It is a common misconception that Leicester won the Premier League title by chance in 2016. It was the consequence of the perfect storm, of course: the normal frontrunners all tripped over their shoelaces and they ruthlessly capitalised. But it was not entirely unplanned.
“I am asking for three years, and we’ll be there,” said the late Vichai Srivaddhanaprabha in May 2014. With Leicester having just won the Championship with 102 points, it felt like a jarring plea for patience. Who asks for more time to complete not only mission impossible, but mission uncontemplated?
His aim, as head of a consortium that bought a club fresh out of League One in 2010, was to reach the Premier League’s top five. “We won’t take the huge leap immediately,” he added, with a blissful unawareness. “Do we have a chance to beat them? Yes, we have, but I think we need to establish our foothold in the league first and then we think about our next step.”
Everton, at that stage, had just enjoyed their greatest Premier League season ever in terms of points. They had finished above Manchester United and Tottenham, closer to champions Manchester City than eight-placed Southampton. They came fifth: the first of Leicester’s unscalable mountains.
Their paths have certainly diverged in the five years since. While Leicester reached an unthinkable peak – and are planting as many rods as possible to make lightning strike twice – Everton have meandered and muddled in search of their own promised land. The Toffees were in perennial pole position to challenge the elite; the Foxes have planned their rear-view mirror overtake impeccably.
That was the story of their 94-minute meeting at the King Power Stadium on Sunday – and those stoppage-time minutes do bear including. A disciplined, organised Everton took, deserved and defended their lead. Marco Silva, the bell for last orders having rung in his ears for weeks, chose to share his latest sip at the last-chance saloon with a three-man defence.
If this was to be an unlikely encore, Richarlison was a fitting final clap. He started and finished a sweeping move that incorporated Dominic Calvert-Lewin’s hold-up play and decoy run, Alex Iwobi’s dribbling and Djibril Sidibe’s cross, before the Brazilian headed home to repay his manager’s unwavering faith in him.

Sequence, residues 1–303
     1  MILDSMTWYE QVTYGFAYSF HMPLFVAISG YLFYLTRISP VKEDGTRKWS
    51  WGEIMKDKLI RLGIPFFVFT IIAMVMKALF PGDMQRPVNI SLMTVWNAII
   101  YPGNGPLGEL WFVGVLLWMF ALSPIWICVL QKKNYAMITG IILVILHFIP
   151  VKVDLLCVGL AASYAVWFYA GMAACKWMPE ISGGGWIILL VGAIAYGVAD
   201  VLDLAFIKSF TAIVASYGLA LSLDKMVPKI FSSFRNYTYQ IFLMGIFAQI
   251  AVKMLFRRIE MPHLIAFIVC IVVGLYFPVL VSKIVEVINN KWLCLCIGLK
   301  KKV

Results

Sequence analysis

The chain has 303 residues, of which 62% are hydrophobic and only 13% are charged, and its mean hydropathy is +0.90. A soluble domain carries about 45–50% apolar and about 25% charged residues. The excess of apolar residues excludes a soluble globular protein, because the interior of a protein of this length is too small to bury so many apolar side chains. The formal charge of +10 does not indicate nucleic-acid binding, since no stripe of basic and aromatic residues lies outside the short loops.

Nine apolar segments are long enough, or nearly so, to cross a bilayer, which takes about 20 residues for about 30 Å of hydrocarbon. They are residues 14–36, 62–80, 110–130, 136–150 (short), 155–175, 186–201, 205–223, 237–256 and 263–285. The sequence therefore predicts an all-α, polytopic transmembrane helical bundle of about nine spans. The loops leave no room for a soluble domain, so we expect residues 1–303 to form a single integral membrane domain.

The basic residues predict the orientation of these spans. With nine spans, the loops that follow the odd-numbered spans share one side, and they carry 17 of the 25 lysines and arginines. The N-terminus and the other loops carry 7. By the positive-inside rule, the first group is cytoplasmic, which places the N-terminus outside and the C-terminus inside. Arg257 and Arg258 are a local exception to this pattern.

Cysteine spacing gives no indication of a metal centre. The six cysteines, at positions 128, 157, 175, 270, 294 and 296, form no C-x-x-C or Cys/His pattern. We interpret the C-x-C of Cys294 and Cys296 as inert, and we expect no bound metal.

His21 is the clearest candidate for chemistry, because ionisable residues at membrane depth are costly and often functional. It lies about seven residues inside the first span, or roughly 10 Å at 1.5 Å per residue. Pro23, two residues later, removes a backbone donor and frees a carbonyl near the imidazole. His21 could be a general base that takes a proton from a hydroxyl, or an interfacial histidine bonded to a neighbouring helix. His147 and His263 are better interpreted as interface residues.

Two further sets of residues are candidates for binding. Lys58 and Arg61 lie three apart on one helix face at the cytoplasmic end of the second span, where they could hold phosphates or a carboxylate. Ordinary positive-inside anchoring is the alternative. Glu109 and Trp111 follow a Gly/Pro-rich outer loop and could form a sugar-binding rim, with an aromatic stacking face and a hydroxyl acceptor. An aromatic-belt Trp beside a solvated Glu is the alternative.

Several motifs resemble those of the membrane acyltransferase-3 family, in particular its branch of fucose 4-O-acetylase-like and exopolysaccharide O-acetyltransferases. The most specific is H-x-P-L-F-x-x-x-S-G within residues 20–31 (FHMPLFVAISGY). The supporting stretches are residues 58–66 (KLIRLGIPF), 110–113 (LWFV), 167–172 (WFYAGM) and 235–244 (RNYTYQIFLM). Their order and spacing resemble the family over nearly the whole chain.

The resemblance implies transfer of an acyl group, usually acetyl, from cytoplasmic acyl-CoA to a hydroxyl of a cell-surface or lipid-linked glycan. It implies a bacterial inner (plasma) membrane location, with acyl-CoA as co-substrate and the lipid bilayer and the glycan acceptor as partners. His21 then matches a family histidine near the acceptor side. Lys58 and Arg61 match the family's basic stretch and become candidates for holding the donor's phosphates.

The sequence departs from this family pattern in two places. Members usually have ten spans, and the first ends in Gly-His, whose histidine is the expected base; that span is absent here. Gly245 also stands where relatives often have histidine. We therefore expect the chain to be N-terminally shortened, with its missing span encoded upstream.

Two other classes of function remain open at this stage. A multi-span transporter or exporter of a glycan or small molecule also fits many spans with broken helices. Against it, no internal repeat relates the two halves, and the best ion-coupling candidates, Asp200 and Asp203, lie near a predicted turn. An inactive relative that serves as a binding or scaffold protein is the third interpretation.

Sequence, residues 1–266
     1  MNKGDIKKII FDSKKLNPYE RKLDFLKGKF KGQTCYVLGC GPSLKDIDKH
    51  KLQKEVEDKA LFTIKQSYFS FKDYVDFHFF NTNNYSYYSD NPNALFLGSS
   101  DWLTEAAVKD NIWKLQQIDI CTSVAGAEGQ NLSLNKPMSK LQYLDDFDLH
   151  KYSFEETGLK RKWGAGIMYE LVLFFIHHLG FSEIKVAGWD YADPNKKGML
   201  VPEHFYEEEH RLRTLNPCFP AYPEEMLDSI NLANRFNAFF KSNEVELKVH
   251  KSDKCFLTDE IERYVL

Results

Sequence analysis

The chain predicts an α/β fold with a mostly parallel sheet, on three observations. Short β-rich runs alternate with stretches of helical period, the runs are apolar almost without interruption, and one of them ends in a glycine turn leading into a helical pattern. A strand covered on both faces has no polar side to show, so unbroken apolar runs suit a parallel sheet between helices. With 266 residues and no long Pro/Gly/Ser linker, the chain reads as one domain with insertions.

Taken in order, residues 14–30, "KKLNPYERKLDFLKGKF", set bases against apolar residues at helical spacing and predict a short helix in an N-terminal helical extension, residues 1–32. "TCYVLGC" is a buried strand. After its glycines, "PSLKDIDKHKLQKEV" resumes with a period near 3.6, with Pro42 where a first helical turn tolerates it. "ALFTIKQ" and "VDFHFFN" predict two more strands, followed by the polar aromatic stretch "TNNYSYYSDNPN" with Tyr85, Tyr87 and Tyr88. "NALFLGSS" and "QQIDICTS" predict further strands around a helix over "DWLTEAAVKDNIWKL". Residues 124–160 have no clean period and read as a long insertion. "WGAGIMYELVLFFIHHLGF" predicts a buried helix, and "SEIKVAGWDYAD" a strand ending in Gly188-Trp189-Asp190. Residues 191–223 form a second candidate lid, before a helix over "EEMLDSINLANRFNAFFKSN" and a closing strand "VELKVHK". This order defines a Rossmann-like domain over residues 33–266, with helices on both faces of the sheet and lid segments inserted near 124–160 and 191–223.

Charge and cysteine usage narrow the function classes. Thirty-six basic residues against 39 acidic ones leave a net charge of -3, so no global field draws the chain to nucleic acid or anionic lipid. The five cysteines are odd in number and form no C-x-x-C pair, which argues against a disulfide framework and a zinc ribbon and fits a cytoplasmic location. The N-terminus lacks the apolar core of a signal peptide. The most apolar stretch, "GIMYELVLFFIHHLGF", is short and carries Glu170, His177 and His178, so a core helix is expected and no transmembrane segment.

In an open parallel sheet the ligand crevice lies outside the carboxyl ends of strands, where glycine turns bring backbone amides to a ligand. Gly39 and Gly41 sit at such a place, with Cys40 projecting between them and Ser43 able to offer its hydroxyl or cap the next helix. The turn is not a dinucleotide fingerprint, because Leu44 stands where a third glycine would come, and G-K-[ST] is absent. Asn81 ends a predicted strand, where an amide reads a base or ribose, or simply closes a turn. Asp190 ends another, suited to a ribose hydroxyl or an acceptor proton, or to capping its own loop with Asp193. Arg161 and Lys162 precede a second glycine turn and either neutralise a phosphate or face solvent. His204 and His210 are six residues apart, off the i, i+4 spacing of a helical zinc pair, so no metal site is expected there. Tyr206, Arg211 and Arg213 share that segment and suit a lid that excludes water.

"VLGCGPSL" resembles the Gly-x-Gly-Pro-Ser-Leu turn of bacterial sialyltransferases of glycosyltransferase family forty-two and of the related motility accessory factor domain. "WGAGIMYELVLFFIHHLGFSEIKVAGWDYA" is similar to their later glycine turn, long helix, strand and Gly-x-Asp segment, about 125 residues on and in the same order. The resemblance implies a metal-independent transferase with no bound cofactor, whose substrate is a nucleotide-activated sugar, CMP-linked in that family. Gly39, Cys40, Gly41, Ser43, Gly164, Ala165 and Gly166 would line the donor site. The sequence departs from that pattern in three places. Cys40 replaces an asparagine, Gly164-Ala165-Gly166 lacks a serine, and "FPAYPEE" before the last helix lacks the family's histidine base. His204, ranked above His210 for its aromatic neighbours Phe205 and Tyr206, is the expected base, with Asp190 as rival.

And for exactly 45 minutes, that was enough. Both teams channelled their former managers: Leicester as slow, predictable and plodding as they ever were under Claude Puel, countered at ease by an Everton side Sam Allardyce would have been proud of.
Therein lies the problem; Everton cannot maintain performances for more than half a match, and Leicester cannot be expected to underperform for anywhere near as long. The visitors led the race but had run out of gas by the time the hosts pressed on the accelerator.
Silva orchestrated the opening stages with his tactical approach, but Brendan Rodgers has developed a particular sense for finding intriguing answers to new questions. How could Everton be broken down? By introducing a player with no Premier League goals or assists since November 24.
It was a novel approach, not least because this was Kelechi Iheanacho’s first Premier League appearance of any kind since the cameo that included his title-clinching miss against Manchester City in May. Liverpool supporters must not have expected him to burn them for a second time so soon.
His assist for Jamie Vardy’s equaliser was sublime, coming six minutes after his introduction. His winner, ably laid on by VAR, was wonderful. His impact was astonishing.
But the key was always that “foothold” that Srivaddhanaprabha referenced in 2014. Leicester’s was Nigel Pearson, who elevated them to Claudio Ranieri. When they needed the same effect, Puel came in to steady the situation and Rodgers inherited the best elements of his work and was employed to eliminate the poorer parts. Everton’s only dalliance with stability over status was their Allardyce panic. They need someone to help them walk again before they run.
And so the paths these two teams follow only continues to split. Leicester have established themselves as Liverpool’s main rivals for a second title in four years. They have more than twice as many points as Everton, who spiral further towards the relegation zone. Neither know where this journey will end, but only one has cause to fear the unknown. It is now clear that Silva will not be – and arguably has not been – guiding them.